|Shields Jr, Fletcher|
Submitted to: River Channel Restoration
Publication Type: Peer Reviewed Journal
Publication Acceptance Date: 12/1/1996
Publication Date: N/A
Citation: N/A Interpretive Summary: When stream channels without stream bed controls cut down through the landscape, they provide a continuing source of tons of sediment every year. This channel incision is a major problem in the hill lands of the Mississippi River valley. A federal interagency project (Demonstration Erosion Control Project in the Yazoo Basin) begun in 1984 in Mississippi has demonstrated many channel stability measures which can help solve this problem. One of the popular technology transfer aspects of the project has been positive results of ecological studies which used channel stability construction efforts to generate better quality aquatic and terrestrial habitat at little or no extra cost. Because of the demonstration nature of the project state and federal agencies that deal with stream stability or habitat improvement issues can visit works in place and make immediate use of positive results and lessons learned.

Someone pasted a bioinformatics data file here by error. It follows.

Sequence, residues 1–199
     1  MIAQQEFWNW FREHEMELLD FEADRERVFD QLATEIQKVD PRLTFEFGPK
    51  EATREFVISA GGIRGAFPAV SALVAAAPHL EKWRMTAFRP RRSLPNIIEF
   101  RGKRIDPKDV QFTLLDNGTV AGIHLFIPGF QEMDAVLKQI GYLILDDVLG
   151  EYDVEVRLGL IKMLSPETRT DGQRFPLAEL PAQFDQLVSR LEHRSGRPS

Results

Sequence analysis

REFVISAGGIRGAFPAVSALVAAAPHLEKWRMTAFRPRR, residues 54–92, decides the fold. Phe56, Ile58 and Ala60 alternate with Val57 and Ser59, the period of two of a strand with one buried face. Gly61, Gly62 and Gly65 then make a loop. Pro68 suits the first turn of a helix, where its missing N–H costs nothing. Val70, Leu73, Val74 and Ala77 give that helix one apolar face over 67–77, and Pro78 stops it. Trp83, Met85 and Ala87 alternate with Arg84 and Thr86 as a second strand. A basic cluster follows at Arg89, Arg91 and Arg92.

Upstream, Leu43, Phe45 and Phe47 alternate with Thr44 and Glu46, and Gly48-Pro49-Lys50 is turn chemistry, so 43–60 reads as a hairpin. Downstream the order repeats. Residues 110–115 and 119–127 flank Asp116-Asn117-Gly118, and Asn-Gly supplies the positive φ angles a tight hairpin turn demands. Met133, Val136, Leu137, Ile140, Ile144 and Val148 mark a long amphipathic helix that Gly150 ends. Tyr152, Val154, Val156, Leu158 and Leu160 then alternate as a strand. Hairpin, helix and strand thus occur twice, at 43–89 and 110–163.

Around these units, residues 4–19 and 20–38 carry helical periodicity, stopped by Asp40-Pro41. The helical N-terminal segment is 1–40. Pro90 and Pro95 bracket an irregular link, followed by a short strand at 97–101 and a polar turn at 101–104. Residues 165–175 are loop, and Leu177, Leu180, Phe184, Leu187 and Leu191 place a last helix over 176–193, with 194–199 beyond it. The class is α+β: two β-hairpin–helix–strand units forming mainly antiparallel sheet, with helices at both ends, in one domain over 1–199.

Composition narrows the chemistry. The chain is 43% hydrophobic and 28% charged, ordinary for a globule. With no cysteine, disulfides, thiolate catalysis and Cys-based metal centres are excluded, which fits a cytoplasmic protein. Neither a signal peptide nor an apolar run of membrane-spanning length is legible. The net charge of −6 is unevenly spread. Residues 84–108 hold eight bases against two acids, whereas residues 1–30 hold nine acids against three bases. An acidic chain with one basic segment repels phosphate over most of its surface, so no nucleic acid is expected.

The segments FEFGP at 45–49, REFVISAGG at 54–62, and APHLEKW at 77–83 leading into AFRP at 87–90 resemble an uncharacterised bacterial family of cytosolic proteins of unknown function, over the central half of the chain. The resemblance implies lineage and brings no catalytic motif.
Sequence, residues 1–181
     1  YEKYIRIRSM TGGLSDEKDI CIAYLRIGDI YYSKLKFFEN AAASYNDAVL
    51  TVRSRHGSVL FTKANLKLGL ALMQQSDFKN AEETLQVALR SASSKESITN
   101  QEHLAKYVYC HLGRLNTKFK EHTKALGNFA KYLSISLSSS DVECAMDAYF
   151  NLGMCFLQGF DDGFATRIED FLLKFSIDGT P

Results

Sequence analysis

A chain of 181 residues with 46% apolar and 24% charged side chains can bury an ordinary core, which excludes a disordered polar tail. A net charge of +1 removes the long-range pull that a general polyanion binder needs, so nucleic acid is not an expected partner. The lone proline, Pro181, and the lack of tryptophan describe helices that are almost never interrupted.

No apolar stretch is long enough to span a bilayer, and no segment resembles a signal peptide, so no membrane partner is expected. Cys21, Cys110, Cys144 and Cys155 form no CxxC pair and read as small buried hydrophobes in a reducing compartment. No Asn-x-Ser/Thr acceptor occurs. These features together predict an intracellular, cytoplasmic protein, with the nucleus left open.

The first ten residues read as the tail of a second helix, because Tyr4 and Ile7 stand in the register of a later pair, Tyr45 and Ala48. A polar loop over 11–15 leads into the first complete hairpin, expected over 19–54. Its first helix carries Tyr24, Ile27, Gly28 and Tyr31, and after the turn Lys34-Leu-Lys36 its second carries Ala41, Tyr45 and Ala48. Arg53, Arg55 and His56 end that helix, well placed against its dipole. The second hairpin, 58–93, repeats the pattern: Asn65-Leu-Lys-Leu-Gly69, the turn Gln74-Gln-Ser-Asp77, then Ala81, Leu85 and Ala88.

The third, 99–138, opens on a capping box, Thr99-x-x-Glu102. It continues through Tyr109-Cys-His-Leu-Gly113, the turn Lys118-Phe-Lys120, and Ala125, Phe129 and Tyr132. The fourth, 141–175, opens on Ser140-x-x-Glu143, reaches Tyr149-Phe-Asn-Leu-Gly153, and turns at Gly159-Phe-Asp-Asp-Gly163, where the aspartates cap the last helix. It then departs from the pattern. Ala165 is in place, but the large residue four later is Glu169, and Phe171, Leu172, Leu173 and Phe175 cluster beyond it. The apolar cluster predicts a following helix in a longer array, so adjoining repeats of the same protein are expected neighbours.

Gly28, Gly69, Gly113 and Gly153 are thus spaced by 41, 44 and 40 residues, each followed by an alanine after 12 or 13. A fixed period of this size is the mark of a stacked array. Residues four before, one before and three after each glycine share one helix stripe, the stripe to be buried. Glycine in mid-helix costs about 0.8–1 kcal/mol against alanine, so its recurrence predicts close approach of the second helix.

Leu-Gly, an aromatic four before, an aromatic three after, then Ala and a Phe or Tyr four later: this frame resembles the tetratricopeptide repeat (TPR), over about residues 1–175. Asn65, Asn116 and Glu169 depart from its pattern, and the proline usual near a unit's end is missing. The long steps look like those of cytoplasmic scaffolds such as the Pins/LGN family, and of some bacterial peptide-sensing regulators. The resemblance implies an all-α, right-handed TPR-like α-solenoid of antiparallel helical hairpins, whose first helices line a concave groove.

Technical Abstract: Channel incision, particularly devastating in watersheds with no bed controls, separates a stream from its floodplain, destroys arable land, and degrades environmental resources. A demonstration project dealing with channel erosion was begun in 1984 in the loess hill lands of northwestern Mississippi, USA. The project objective centered on developing stabilization/rehabilitation technology in 15 watersheds (1 to 1,590 km**2) characterized by erosion and sedimentation associated with channel incision. Suspended sediment yields averaged about 1,000 t km**-2-yr**-2. Stream channels were typically straight due to past (ca. 1880 to 1970) channelization, enlarged by erosion, and have little woody debris, pool habitat, or stable substrate. Structural measures were selected on the basis of specific site needs within the scope of total watershed planning and were designed on the basis of geotechnical and hydraulic parameters. Common measures included field-scale grade control pipes, stream grade controls, bank protection, and floodwater-retarding reservoirs. Channel cleanout and levees were less common. Aquatic habitat studies at >100 sites showed that major needs included greater water depth and improved habitat stability. Based on water depth and increases in number of species and biomass, grade control structure energy-dissipation pools, stone spur dikes, and V-shaped weirs improved in-stream habitat. Field-scale grade controls and sediment retention ponds created wetland and open water habitats for all classes of vertebrates. Success of woody vegetation plantings [primarily native willow (*Salix* spp.)] varied with site.